As my contract gig ended, I started a new job where I've assumed the role of technical architect. It's a little like a cross between a development manager, development lead and traditional architect role. I'd like to think that it plays to all of my strengths, but I suppose I'll have to still demonstrate that!
In any case, the first project that I'm on is one that already exists. I think I can safely say that most people in development circles would prefer to just land on something totally new, because inheriting a project often means taking on a train wreck. Not so in this case. Everything is generally designed and laid out as I would expect it, using predictable and manageable patterns. It doesn't try to reinvent things, and it has mostly grown in a sane way. I still have the burden of acquiring a lot of domain knowledge and such, but I won't be stuck scratching my head constantly trying to understand what the hell is going on.
I complimented the previous TA, indicating that it was pretty easy to understand how the solution was set up in the bigger sense. What he told me is true: "This is just typical industry practice on this platform." He's totally right, of course, but why aren't these typical practices more common?
My opinion is that it's the usual education and experience problem. It's surprising how this kind of knowledge is not frequently shared, but I also suspect that it's partly because it isn't generally a solving a problem that people are thinking about. It's fairly typical to search StackOverflow for a solution to a specific problem, but I don't know if anyone really starts a project and says, "How should I build this?"
So how do people arrive at a place where they have this knowledge? For me, I can only say it's because of my experience and interaction with other people. This is obviously not ideal for the profession, because it's hard to say how one can encounter the right people and circumstances. In a general sense, sure, it's not uncommon for people in tech heavy markets to change jobs every 18 months, but that isn't the case everywhere. You also can't necessarily be sure about what you're getting into (though I would argue that you should be asking good questions in the interview process... it's still a worker's market in most places).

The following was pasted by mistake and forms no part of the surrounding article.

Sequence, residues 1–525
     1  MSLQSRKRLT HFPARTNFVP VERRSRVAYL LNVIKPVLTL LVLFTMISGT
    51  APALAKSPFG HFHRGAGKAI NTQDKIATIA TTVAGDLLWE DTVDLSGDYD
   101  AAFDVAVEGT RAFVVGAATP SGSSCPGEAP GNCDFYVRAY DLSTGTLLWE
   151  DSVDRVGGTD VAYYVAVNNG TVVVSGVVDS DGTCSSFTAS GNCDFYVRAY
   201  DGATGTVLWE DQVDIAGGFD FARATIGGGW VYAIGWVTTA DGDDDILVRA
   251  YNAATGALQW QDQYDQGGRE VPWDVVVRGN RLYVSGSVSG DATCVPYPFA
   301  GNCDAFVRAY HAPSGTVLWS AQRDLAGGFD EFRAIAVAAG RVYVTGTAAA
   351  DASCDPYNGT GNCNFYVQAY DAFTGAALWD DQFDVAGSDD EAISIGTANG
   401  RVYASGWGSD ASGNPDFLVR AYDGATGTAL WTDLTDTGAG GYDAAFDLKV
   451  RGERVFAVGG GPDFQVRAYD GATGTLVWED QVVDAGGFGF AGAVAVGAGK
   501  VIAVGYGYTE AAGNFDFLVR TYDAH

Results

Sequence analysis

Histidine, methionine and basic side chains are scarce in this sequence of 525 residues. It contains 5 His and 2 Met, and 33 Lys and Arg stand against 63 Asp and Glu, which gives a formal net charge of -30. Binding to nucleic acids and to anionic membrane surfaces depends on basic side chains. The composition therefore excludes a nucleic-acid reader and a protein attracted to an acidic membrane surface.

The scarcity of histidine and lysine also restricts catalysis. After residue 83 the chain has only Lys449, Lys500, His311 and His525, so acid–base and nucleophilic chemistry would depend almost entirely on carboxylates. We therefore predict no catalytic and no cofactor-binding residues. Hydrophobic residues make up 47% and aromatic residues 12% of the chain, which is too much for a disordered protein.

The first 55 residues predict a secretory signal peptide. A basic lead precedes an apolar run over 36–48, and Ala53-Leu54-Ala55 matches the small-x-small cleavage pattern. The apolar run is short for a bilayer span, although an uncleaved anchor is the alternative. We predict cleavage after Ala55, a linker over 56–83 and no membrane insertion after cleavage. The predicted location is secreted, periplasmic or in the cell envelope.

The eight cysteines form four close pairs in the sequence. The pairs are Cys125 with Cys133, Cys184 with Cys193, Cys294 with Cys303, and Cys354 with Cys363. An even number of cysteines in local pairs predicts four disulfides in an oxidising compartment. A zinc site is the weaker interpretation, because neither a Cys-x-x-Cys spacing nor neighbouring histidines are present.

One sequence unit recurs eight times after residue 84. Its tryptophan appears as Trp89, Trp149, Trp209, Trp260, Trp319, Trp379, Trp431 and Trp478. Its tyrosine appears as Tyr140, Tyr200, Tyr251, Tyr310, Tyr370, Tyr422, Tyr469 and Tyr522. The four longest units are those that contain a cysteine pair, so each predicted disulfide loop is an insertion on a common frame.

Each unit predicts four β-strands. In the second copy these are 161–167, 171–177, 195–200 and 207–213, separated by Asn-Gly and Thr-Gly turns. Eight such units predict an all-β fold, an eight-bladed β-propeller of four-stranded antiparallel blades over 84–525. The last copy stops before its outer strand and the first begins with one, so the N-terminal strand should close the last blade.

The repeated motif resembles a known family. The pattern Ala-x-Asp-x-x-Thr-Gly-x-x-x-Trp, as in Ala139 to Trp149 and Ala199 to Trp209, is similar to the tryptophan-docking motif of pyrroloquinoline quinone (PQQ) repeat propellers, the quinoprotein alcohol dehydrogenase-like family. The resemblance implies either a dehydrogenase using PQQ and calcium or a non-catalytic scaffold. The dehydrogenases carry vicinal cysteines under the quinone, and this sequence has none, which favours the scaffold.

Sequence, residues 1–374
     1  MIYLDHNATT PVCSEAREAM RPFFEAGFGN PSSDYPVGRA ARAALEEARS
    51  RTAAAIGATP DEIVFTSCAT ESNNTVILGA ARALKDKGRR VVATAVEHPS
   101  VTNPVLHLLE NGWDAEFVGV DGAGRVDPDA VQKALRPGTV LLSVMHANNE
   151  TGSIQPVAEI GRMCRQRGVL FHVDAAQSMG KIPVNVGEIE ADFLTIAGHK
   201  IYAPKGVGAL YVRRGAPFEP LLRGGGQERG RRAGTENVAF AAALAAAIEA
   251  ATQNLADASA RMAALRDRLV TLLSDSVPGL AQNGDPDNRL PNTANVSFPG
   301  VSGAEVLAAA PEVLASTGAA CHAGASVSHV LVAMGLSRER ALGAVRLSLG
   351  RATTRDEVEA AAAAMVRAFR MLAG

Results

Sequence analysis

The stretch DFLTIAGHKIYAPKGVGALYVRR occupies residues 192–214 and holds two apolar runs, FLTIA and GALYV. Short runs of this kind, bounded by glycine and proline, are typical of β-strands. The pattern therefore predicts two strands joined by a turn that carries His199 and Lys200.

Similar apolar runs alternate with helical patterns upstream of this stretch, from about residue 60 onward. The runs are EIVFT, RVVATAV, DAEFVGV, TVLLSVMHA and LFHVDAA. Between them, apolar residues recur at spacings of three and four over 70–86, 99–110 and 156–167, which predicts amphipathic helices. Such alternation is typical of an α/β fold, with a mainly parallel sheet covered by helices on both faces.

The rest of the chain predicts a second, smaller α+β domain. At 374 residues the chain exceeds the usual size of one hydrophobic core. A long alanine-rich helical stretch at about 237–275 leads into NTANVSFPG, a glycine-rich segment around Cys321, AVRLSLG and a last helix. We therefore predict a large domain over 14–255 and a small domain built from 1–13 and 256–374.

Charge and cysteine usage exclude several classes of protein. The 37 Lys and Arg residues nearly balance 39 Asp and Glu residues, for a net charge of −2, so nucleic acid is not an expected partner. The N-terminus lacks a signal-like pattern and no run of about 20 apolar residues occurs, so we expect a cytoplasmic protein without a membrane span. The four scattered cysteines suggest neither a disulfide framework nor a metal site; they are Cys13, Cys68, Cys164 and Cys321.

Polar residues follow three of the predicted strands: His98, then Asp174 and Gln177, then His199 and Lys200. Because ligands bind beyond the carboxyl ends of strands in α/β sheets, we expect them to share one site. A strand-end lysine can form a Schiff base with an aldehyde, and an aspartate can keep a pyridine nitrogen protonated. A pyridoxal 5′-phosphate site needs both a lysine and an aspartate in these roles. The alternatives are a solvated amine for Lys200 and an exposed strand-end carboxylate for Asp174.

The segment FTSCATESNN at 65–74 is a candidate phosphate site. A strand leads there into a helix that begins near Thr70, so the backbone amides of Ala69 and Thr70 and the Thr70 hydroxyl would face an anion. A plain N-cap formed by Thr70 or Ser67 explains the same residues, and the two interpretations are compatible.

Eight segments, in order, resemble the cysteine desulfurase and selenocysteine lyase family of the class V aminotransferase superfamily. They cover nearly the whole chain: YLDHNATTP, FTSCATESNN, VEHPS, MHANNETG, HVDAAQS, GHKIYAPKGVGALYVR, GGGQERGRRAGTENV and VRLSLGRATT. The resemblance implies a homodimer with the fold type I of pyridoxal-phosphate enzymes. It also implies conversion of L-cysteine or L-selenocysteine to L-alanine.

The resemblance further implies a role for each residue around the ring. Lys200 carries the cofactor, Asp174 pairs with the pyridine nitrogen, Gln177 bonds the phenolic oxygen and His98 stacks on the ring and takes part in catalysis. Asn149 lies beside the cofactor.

There are really two ways to solve this problem, from two directions. The first is to make sure that a company or development team has someone with these "typical" design skills. That might be a little tricky if the hiring manager isn't a technical person, but certainly there are a million staffing companies that want to help you with that. The other way to attack it is from the individual developer angle, by getting folks the information and mentoring that they need. This requires a certain level of self-motivation on the part of developers, but I generally have observed that they'll come along for the ride if you offer.